Film Review: X-Men: Days of Future Past

This review was originally published in the Central Western Daily on Tuesday 27th May 2014.

After a lacklustre second sequel, an enjoyable prequel and two disappointing Wolverine solo outings, director Bryan Singer returns to take over the reigns of the X-Men franchise with X-Men: Days of Future Past. Combining the retro cast of X-Men: First Class (2013) and many of the significant characters from the original, Singer has crafted a mega lineup of mutants that should have any comic film fan salivating. The time bending plot will not disappoint. Unfortunately, as is the way with these sorts of features, not everyone gets enough screen time to satisfy.

In the distant future, mutant exterminating machines called Sentinels have almost wiped out all of the X-Men. A rag tag group of survivors led by Professor Charles Xavier (Patrick Stewart) and Magneto (Ian McKellen) realise that their whole situation is a direct result of the assassination of the creator of the Sentinel programme, Dr Bolivar Trask (Peter Dinklage) by mutant Mystique (Jennifer Lawrence) in the seventies. Using Kitty Pryde’s (Ellen Page) time travelling powers, Wolverine (Hugh Jackman) is sent back to convince Professor Xavier and Magneto’s younger selves (James McAvoy and Michael Fassbender, respectively) to put their issues aside and fight to save the future.

Although a welcome presence on the screen, I’m not entirely sure how it is that Patrick Stewart’s Professor Xavier is alive and well in this film. Last seen being blown into smithereens in X-Men: The Last Stand (2006), he then popped up in the post-credits sequence of The Wolverine (2013) with no explanation. I assume his mind control is so great that he can will himself back into existence. In that case, why not also fix your legs and get rid of the wheelchair? Never mind.

Bookended by scenes in the future, the majority of the film takes place in the seventies. Fish out of water Wolverine (Jackman absolutely inhabiting his signature character) attempting to bring the warring parties together leads to many memorable moments, in particular an excellent sequence featuring Quicksiver (Evan Peters) slowing time to ensure Magneto’s breakout from the Pentagon. McAvoy and Fassbender bring back their chemistry as the feuding mutant leaders but once again, Jennifer Lawrence proves that she can steal a movie from anyone. She looks great in blue body paint too.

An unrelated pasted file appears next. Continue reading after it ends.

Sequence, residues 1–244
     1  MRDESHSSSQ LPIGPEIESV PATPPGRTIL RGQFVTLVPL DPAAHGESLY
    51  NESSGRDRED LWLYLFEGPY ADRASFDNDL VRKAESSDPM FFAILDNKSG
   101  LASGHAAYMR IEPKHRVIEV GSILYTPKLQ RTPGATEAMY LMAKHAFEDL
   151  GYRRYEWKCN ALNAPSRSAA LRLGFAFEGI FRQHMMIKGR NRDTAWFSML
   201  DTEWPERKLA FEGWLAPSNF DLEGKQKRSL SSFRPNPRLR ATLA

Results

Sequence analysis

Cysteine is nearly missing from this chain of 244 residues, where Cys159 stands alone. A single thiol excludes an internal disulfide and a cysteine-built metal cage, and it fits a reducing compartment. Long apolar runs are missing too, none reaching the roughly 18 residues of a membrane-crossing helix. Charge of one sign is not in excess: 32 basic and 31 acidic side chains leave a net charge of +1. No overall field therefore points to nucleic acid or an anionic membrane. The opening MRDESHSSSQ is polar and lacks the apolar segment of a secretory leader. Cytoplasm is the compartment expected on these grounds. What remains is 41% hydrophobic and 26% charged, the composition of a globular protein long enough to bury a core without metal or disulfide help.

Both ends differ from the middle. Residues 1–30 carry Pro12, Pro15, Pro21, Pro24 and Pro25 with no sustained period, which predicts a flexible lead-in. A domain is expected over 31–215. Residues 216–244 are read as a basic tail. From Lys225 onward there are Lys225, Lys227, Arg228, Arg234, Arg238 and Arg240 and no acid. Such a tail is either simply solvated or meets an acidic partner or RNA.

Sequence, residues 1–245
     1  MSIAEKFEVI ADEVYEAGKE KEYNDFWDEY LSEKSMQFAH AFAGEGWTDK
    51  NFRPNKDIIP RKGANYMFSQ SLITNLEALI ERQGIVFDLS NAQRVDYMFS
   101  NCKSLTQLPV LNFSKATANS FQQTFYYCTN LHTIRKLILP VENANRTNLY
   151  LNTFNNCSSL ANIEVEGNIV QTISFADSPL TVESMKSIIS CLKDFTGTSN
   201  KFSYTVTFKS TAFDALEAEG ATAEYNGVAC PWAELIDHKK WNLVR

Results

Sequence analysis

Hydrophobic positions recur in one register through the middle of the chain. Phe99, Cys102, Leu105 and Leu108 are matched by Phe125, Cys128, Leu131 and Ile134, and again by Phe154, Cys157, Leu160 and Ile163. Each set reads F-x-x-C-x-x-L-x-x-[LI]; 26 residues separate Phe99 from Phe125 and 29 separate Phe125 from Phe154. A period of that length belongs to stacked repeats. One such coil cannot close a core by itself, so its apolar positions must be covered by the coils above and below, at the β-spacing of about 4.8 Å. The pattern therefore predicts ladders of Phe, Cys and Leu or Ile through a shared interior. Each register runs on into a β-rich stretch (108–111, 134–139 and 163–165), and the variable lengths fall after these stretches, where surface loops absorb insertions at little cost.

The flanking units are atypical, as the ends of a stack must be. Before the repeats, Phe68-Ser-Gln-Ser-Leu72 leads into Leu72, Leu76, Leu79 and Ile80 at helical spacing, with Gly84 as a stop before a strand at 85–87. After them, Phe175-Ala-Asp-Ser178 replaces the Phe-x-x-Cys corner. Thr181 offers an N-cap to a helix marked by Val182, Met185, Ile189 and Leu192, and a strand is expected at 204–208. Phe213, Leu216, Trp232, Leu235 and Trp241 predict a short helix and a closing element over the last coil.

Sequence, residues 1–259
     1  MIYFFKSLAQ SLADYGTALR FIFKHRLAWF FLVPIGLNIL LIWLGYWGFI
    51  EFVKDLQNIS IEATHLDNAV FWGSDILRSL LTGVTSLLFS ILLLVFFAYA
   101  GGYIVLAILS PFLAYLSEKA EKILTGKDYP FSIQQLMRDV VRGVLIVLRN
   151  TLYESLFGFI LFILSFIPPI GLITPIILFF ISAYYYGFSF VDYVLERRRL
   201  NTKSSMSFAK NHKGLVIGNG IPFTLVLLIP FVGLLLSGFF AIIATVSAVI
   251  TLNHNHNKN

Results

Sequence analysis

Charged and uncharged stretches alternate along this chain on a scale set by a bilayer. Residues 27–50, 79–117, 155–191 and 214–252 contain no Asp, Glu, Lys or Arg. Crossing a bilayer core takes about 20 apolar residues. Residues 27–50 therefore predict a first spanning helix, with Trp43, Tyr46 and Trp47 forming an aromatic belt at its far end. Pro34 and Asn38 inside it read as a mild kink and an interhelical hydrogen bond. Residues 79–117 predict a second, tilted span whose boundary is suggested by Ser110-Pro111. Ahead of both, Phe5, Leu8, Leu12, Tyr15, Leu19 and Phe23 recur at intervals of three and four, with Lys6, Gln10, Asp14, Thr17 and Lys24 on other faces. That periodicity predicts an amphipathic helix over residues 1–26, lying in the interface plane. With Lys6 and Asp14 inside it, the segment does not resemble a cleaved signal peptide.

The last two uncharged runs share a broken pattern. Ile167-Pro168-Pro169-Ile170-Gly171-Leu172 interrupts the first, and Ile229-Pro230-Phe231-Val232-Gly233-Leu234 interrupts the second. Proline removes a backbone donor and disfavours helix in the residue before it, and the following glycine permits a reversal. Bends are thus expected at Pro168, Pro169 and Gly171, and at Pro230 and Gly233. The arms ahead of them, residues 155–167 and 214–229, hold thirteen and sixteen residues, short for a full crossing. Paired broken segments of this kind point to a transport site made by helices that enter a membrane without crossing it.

Hot from Game of Thrones, Peter Dinklage is charismatic as the porno ‘tached Trask. Perfectly cast, it is significant that his lack of stature is not even mentioned in the film.

Back to the future (Marty), Stewart, McKellan and Halle Berry’s Storm have little in the way of dialogue, which is a shame for the two former and not so much for the latter. In fact, the biggest chunk of dialogue Stewart gets is in the much anticipated scene with McAvoy as the older (and balder) Xavier meets his younger counterpart. Like the iconic scene in Heat which saw De Niro finally share the screen with Pacino, the double Professor X scene is brief but noteworthy.

The CGI heavy action sequences are well done, with the imposing Sentinels particularly threatening. The scenes set in the future are quite dark, which might frustrate those viewing in 3D (I went to a 2D screening).

With an impressive array of cameos, Singer certainly knows how to craft a compelling X-Men tale. I don’t find his directorial style to be distinctive at all, but I suppose it is comforting to know that all of the franchise entries have the same look and feel. I don’t know if that’s a criticism of other franchise directors Brett Ratner, Matthew Vaughn, Gavin Hood and James Mangold, or a compliment to Singer’s obvious influence on the X-Men movies.